Obama assumes U.S. presidency
The country need not wait any longer for the inauguration of the 44th president, Barack Obama. While Obama and his supporters rode a message of hope and change to the White House with the slogan ‘yes, we can,’ Obama’s change is more easily promised than delivered, said Christine LeVeaux, assistant professor of political science and African-American studies in The Honors College.
‘When you are the president, you can influence and try to persuade Congress members, but in the end the president is facing 535 men and women with individualized and personal agendas,’ LeVeaux said. ‘Conflict is inevitable.’
Obama’s first order of business will be to gain control of the remaining $300 billion of the Troubled Assets Relief Program (TARP), with a goal of bringing some relief to citizens.
‘It is difficult to deliver on a promise of universal healthcare, for instance, when there is no money to carry out such a policy,’ LeVeaux said.’
Congress may be a formidable foe for the Obama administration, but Timothy Howard, a lecturer in the department of political science at UH, said the biggest obstacle to overcome will be others’ expectations.
‘The power of the president is the power to persuade and negotiate with Congress, the press and the public, and (Obama’s) considerable oratory and intellectual skills should serve him well, (but) the euphoria of his election will fade and its symbolism become less relevant the longer he is in office,’ Howard said.
Obama will inherit the White House during a tumultuous time in international relations as well, and foreign policy will be a difficult area to try and forge an independent path, said assistant professor of political science Timothy Hellwig.’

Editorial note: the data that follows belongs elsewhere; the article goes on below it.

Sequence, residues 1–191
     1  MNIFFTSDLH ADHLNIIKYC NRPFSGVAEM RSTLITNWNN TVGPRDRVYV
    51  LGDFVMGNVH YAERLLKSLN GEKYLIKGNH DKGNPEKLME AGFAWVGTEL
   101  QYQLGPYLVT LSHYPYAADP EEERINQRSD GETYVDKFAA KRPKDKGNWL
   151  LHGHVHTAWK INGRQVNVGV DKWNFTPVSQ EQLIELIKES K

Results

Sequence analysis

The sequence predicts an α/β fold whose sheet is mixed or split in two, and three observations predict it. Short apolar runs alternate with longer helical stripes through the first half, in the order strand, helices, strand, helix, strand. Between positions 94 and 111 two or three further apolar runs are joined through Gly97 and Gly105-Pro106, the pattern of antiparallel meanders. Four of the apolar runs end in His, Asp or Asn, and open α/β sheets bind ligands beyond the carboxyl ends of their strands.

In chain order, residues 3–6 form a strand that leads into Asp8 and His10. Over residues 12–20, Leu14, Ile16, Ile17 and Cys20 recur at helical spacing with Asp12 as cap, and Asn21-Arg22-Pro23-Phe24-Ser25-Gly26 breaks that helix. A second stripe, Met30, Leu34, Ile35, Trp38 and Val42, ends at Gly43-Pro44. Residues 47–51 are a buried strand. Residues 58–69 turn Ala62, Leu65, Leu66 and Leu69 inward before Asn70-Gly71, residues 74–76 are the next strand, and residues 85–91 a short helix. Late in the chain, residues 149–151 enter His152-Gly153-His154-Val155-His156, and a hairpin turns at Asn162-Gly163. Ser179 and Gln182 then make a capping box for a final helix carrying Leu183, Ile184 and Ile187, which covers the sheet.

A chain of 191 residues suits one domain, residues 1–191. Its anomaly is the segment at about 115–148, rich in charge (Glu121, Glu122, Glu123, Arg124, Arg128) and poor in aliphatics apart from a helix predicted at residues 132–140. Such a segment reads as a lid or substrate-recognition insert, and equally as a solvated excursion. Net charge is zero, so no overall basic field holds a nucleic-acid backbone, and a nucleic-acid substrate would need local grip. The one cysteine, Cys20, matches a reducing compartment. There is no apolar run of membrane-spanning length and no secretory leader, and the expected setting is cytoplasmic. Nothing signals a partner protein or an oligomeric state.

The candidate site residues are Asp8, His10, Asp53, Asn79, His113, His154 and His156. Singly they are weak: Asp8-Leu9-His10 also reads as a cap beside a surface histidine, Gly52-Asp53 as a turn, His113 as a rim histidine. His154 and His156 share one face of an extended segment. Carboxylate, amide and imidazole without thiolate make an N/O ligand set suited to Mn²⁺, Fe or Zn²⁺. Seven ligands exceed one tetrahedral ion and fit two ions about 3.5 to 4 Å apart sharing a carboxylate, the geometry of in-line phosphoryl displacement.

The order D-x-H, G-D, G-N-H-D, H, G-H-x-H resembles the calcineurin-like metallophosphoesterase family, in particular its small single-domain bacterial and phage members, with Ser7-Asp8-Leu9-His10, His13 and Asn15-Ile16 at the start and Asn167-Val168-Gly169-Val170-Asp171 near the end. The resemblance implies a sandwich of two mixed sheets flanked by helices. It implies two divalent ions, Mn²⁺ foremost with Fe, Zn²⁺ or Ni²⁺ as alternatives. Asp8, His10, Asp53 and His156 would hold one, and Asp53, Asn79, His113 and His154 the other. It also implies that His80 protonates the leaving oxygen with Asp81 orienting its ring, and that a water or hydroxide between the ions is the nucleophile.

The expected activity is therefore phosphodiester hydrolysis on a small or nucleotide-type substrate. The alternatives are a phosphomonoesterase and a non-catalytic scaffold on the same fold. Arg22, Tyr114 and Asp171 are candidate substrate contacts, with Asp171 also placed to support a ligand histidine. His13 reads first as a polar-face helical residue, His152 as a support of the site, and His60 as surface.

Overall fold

‘The situation in Gaza is particularly problematic. We rely on Israel for a lot of intelligence on potential terrorist activities aimed against the West, so President Obama will not be able to roundly condemn Israel without jeopardizing our access to Israeli intelligence,’ Hellwig said. ‘Conversely, not condemning Israel makes it more difficult for the U.S. to win the war on terrorism … real battleground is for the hearts and minds of Muslims everywhere.’
Despite economic trouble at home and paradoxical problems over seas, LeVeaux is optimistic about Obama’s immediate impact on U.S.’s image.
‘Many world leaders welcome his election because of this.’ However, there will be some that will continue to strike out against the U.S. for what it represents and for past actions,’ LeVeaux said.
Hellwig agrees, saying that most’ ‘ countries overseas were hoping for the Obama victory.
‘As news of Obama’s election spread across the country and across the world on election night, spontaneous demonstrations of joy broke out, much like when the astronauts landed on the moon, or when the Berlin Wall came down,’ Howard said. ‘People’s faith in America, that we are at heart a good nation, will be restored to an extent we haven’t seen since JFK.’
However, others’ reactions may be of concern for the first black President. Howard fears that conservatives will use Obama’s election to argue that racism is dead, thereby discrediting the need for affirmative action in college admissions and the workplace. The good news, Howard said, is that many on the political right have become overtly apprehensive and in so doing exposed the racism inherent in conservative philosophy, making it easier to expose and discredit.
Obama has more than just big shoes to fill – he has blazed a trail no other president has had to walk.
‘Even (for) young people who have only heard stories about racism and discrimination, (this election) is inspirational,’ LeVeaux said.
From a global perspective, other countries have become just as inspired about the election as The U.S.